This surely didn’t go unnoticed to Apple. In 2013, better late than never, Apple launched its Music Radio service called iTunes Radio. It is similar to Pandora and is hence free and ad-supported. Though iTunes Radio is not as full-featured as Spotify, it’s a start. In 2011, Google launched its music streaming service, now called Google Play Music All Access, which is similar to Microsoft’s offering, i.e., unlimited streaming for $9.99/month. Later in 2012, Microsoft rebranded its Zune Music Service as Xbox Music and allows ad supported streaming, subscription streaming, and purchase through the Xbox Music Store on a wide range of devices like the Xbox, Windows 8, Windows RT and Windows Phone 8. The world has indeed moved on from buying music from the iTunes store to subscription-based music services.

The growing popularity of smartphones has really affected the sales of the iPod. Apple’s own iPhone has an iPod in it, technically. “iPhone is the best implementation of an iPod we have ever made” said Steve Jobs during the introduction of the first iPhone in 2007. Even people who buy music, prefer carrying music on their phones than carrying an iPod, which is a redundant thing to carry in the pocket when one already has a smartphone (Ok, iPod shuffle is excused). The iPhone’s giant success and the advent of android phones ate into the sales of the iPod drastically. Smartphones are one of the major reasons why the iPod has become out-of-favour.

The other major problem with an iPod, apart from being redundant while owning an iPhone, is that iPods don’t support subscription-based services. You cannot listen to iTunes Radio on your iPod, leave alone Spotify and Rdio. You can only listen to the Music bought on iTunes (songs cost a $1/each), which then has to be synchronised to your iPod. Well, the iPod Touch is an exception. It is the only iPod on which you can buy music directly on the device and on which you can listen to iTunes Radio (only 5th gen iPod Touch supports iTunes Radio). But the iPod Touch has always not been considered as a traditional iPod. Even otherwise, the iPod Touch has only Wi-Fi and no Data Connection, so when you are on the go, it is just another iPod on which you cannot listen to iTunes Radio or buy music instantly.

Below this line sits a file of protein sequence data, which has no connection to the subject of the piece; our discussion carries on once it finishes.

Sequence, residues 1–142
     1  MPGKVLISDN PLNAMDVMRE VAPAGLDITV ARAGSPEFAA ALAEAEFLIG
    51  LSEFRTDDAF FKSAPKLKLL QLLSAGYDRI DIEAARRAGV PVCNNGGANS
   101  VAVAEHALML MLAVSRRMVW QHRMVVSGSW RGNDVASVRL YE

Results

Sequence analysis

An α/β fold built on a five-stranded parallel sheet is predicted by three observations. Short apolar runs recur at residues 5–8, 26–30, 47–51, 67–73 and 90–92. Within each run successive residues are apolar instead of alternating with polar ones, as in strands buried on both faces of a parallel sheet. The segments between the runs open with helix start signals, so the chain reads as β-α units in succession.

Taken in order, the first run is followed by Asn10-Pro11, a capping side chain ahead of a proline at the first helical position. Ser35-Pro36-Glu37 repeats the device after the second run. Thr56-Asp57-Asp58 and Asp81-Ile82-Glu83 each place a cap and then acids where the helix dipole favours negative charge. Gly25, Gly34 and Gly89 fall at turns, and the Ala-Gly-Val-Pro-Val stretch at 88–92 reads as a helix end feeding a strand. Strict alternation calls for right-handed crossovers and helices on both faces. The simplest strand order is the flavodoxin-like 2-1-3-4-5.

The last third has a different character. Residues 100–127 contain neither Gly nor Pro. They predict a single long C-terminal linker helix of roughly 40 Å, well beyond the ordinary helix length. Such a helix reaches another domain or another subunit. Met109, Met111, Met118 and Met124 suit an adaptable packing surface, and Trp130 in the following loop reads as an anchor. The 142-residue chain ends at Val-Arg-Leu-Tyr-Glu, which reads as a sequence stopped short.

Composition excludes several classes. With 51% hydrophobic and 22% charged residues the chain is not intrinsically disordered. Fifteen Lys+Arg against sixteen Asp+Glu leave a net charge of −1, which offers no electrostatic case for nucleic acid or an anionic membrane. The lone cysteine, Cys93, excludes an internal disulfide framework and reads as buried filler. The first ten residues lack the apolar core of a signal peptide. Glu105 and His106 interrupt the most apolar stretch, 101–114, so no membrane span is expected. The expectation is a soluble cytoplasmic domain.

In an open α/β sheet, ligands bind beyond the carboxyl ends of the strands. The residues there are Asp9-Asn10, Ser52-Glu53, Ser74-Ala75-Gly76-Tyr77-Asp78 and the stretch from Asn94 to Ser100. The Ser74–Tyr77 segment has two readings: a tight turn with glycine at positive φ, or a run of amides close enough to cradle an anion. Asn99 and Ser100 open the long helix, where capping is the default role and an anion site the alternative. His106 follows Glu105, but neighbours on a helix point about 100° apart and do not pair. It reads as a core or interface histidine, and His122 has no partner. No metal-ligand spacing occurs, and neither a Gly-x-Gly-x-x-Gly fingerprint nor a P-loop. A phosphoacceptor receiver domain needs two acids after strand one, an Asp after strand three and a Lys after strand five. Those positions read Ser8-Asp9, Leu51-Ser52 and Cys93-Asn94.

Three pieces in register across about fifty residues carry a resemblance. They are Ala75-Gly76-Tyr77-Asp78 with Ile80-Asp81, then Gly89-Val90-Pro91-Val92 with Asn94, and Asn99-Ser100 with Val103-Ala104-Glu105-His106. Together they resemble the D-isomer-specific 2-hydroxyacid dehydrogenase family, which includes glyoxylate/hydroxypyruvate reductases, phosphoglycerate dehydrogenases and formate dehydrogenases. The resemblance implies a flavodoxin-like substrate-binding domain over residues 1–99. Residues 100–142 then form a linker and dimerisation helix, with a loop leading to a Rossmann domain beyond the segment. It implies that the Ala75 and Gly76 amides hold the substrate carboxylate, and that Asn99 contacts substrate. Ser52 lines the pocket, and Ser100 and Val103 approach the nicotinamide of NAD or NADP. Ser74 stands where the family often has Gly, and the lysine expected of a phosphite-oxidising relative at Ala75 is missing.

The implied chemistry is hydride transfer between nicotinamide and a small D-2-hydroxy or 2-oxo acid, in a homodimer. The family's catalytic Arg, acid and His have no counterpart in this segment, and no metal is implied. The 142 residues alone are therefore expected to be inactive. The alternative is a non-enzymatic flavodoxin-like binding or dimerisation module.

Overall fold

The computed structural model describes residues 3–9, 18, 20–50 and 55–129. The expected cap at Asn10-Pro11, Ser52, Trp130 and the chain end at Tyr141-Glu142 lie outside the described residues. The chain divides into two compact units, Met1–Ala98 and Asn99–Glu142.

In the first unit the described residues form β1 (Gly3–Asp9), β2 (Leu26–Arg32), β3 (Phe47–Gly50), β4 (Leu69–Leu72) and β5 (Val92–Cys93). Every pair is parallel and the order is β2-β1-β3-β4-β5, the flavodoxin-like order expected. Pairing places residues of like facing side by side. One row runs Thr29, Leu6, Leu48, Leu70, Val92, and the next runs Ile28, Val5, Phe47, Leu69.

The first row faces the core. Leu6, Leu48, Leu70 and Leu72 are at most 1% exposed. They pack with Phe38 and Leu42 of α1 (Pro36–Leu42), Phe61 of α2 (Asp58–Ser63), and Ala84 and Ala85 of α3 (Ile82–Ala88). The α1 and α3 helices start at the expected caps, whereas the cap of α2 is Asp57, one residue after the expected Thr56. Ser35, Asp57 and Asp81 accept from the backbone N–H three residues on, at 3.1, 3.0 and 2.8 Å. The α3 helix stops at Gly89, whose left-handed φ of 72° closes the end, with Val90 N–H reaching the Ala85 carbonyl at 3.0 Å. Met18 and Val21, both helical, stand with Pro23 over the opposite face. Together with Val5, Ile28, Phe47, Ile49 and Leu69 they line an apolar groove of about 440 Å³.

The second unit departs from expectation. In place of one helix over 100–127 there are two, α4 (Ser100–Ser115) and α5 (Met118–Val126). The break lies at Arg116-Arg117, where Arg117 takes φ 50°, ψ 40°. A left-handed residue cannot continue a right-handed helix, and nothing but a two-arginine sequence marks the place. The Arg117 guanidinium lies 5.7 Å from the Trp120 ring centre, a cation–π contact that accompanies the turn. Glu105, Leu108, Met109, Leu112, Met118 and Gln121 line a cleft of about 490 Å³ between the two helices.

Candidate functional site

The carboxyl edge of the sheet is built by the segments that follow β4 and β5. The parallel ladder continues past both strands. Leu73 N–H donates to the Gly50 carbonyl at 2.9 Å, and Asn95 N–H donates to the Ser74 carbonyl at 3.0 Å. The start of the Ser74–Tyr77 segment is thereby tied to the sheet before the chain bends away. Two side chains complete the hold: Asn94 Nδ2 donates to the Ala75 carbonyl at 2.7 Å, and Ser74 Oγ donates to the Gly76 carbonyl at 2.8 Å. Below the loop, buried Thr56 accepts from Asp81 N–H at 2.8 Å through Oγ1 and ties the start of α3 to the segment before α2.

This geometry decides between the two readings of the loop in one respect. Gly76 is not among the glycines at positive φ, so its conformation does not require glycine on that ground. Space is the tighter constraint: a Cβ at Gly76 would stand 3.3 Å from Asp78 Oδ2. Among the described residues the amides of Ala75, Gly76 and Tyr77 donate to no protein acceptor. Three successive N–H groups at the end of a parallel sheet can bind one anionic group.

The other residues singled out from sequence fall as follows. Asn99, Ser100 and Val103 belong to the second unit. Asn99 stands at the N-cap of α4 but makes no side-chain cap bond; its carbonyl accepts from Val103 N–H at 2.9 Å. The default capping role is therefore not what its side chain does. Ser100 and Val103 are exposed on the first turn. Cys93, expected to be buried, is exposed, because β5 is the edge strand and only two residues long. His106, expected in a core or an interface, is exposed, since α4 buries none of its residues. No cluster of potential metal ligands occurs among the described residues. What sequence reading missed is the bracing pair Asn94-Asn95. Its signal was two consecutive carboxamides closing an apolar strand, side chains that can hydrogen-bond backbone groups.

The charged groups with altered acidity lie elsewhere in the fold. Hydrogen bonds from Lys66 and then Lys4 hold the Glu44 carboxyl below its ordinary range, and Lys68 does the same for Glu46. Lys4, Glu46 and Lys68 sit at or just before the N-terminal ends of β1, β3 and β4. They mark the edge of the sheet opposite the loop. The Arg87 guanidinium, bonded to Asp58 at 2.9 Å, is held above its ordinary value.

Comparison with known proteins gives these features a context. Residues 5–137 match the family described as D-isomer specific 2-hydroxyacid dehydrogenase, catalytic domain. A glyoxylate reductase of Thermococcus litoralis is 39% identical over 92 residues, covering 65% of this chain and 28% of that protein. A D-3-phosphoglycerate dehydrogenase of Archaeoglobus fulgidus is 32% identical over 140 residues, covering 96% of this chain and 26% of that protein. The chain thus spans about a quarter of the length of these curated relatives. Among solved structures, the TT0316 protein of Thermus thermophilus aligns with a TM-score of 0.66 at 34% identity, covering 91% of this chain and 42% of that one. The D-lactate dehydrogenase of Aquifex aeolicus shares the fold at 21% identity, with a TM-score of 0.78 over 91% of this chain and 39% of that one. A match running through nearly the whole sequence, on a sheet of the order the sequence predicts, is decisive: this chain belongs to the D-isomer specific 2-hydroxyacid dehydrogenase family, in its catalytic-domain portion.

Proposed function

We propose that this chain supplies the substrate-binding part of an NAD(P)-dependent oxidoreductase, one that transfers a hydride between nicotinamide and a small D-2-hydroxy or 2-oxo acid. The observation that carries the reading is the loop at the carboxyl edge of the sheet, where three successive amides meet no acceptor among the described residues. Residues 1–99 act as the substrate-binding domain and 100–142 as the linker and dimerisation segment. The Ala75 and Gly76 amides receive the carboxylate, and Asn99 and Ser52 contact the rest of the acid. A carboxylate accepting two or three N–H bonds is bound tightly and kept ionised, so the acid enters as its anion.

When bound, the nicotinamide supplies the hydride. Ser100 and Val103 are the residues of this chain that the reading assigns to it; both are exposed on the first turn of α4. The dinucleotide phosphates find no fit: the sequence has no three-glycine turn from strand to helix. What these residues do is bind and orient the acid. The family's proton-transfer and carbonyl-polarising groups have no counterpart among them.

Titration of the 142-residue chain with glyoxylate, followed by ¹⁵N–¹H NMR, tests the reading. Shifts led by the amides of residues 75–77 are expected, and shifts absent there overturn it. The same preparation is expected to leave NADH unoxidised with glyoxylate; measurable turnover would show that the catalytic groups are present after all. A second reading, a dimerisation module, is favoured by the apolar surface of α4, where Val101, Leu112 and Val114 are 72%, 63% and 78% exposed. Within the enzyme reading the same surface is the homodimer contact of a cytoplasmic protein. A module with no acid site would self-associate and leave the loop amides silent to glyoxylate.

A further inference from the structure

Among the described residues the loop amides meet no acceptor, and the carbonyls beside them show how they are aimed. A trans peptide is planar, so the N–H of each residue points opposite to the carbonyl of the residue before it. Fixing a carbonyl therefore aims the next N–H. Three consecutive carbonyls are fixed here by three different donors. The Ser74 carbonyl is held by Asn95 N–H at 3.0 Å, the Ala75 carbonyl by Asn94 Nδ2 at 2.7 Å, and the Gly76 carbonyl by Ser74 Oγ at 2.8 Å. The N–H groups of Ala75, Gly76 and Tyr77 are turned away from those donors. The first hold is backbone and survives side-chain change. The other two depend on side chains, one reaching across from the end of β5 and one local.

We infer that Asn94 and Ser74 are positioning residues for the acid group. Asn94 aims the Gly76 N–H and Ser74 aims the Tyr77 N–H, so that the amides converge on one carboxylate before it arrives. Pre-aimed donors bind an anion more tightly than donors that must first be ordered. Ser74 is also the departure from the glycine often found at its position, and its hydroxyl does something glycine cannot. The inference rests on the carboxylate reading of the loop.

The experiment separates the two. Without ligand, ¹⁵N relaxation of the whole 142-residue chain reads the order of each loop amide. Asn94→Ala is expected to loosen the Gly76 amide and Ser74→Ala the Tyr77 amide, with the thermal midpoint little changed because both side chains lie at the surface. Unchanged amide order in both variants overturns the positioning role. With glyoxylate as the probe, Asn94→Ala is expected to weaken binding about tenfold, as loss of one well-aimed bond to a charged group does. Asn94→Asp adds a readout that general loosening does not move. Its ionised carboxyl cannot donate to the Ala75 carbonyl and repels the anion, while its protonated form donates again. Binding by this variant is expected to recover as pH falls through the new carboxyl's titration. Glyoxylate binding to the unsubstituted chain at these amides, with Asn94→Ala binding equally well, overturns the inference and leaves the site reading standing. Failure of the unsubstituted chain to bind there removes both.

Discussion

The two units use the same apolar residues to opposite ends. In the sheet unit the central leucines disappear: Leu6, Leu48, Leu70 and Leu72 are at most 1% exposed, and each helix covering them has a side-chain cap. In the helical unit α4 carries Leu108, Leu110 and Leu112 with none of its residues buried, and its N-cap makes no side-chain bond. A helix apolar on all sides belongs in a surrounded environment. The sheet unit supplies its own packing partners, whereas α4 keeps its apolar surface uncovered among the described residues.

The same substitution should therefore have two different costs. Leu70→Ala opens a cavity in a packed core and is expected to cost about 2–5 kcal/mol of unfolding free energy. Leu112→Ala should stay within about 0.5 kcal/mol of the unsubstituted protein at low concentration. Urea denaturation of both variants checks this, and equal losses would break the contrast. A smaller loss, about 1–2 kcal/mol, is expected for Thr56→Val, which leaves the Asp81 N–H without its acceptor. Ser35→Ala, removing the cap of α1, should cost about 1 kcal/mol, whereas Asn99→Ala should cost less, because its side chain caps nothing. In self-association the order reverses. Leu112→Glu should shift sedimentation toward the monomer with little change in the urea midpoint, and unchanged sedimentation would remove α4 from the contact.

The way people experience music has changed. People want to subscribe to music services and stream songs, instead of buying them. People mostly use smartphones to carry music. People would like to be able to stream music and buy music on any device instantly. Music cannot be the same without the Internet and the Cloud. The iPod cannot do any of these. The iPod hasn’t adapted to the changing music trends. The iPod has been that same old standalone device that cannot sync with the cloud, cannot provide on-the-go services, and cannot connect to the Internet for streaming music. This has made the experience on the iPod very limited and broken. Becoming a niche device that cannot do everything, sales of the iPod have continued to drop exponentially. What could be a more revealing evidence about the falling trend of the iPod, than Apple itself not announcing any new models of the iPod in 2013. There hasn’t been a single year after 2001 in which Apple hasn’t released a new iPod, and 2013 is the first time. The Absence of a new or improved version of the iPod speaks volumes. Apple seems to have finally understood.

iPod shuffle is the only exception. People use the Shuffle for various other reasons. The Shuffle has always been designed primarily for exercisers who need a minimal, very light iPod with few features but enough storage to keep a workout going. So, the iPod shuffle still has its place in the market, but only as much every other music player has.

But the question remains, what if Apple can build a modern-day iPod equipped enough to provide modern-day services? Well, that already exists, it’s called the iPhone! A modern-day iPod has to connect to the internet, sync with the cloud and allow music streaming over a data connection, and the iPhone is exactly that. There cannot be an iPod that is seemingly different from the iPhone, doing these same things. Though a bold statement, I guess it is now safe to say that the iPod is dead.